Getting to the Mary Ward Centre early, I picked my place, set my easel up and painted both sheets of paper a very dark grey (a Valspar tester pot named ‘La Plancha’).
The living, the dead and the plastic, reflected.
The amount of information in front of me was overwhelming, so some decisions had to be made to let the composition breathe. The easels were reduced to lines, a blank space was created to the right (there was an artist painted in at one point) and the colour range was restricted to pastels.
The simple palette was of cream and grey with a little red, blue and white mixed in; all finished off with a black pencil to define the image.
Starting the work felt like dive from a high board into a pool.
The horizontal lines are masking tape.
A detail of Mr. Skellington
A model and artist (reflected).
The first four poses were rendered on on large sheet of paper. I saw myself reflected and decided to do a homage to Velazquez. Being rather left handed I started at the right and worked left, getting larger each time.
Posted in Art, Life Drawing, Uncategorized
Tagged Art, artist, contemporary art, life drawing, londonpainting, Mary Ward centre, Modern art, painter, Painting
What to put onto the paper, what to leave out?
These decisions aren’t usually thought through too much; we are creatures of instinct and repetition. Below are two different routes to making an artwork, both using a little thought before paint hit the paper.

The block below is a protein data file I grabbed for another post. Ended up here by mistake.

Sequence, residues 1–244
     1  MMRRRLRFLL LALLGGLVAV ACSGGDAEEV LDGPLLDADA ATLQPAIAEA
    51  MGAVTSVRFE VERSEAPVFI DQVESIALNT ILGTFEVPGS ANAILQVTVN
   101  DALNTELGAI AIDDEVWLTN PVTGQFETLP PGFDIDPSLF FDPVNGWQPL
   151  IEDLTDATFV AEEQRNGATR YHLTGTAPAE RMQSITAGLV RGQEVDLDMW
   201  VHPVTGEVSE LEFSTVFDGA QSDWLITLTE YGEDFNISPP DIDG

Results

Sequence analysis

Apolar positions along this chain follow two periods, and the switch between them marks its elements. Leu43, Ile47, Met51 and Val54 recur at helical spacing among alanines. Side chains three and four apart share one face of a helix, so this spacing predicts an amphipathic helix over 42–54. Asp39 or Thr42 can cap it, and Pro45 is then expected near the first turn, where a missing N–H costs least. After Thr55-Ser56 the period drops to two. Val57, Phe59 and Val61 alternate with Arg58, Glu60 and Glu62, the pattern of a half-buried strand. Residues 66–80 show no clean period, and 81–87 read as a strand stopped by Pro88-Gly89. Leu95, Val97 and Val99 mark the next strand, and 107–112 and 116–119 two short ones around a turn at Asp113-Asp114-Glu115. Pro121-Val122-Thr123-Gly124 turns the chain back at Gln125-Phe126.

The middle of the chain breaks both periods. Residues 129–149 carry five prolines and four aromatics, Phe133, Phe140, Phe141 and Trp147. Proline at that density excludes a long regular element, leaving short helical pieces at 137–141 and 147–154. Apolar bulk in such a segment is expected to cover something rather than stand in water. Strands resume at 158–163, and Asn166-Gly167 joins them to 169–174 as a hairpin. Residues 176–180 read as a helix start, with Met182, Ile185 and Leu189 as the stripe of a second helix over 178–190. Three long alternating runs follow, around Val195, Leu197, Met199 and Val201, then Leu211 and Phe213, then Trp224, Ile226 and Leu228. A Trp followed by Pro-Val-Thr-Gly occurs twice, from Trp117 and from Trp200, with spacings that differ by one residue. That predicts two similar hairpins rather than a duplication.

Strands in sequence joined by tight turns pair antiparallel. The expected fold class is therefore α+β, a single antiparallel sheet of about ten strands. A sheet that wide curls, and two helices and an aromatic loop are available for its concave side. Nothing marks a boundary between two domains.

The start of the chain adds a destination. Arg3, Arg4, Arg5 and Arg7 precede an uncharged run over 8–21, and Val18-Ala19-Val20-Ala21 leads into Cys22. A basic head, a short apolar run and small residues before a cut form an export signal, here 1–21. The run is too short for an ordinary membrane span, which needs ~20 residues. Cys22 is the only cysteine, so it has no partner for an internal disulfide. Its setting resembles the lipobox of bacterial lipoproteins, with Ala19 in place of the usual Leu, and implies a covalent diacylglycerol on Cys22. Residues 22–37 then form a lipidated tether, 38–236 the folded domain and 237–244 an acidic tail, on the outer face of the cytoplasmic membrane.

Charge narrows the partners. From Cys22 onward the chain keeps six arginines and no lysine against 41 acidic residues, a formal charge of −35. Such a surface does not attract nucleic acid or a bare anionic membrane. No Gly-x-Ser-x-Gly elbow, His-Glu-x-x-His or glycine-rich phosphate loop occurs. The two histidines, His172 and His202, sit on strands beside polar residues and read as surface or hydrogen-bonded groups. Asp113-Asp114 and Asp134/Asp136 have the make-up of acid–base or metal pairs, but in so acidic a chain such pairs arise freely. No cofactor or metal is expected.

1. The Blue Ribbon dance.
The model in 4 poses, the other figure in the background was a fellow artist.
The palette was constricted to just one stick of compressed charcoal and some acrylic. Before making any marks I’d worked out where the 4 differnet poses were to go on the paper. There is a curve to the composition starting and ending on the right side of the page. The sequence of four 10 minute poses were paintied in this sequence from left to right: 3, 2, (the background figure was also 3, 4, 1). The last pose was a real struggle and is all the better for it; I was not going to fail on the biggest image! The marks get more emphatic the nearer the model gets to the viewer.
2. The Blue Coffee Pot
This was an hour of applying a lot of paint. The floor needed a fair bit of work to anchor all the elements. The image was started at the bottom right, roughly sketching until all the major parts related. Trying to get all the elements in correct proportion was a task as was working out the colour values Some many little jobs to do… unusually I would of liked a bit more time, the main figure isn’t completely resolved and there were some reflections of the model and artist in the dark glass that would have made the painting have even more pictoral depth. The white block on the chair is a heater. I’ve left out Mr Skellington, another artist, a lot of pot plants and many, many plastic chairs. The pink paper against the floor colour is enjoyable. The splodges of red were really there… some might have been oragne or brown, but they served a purpose being red.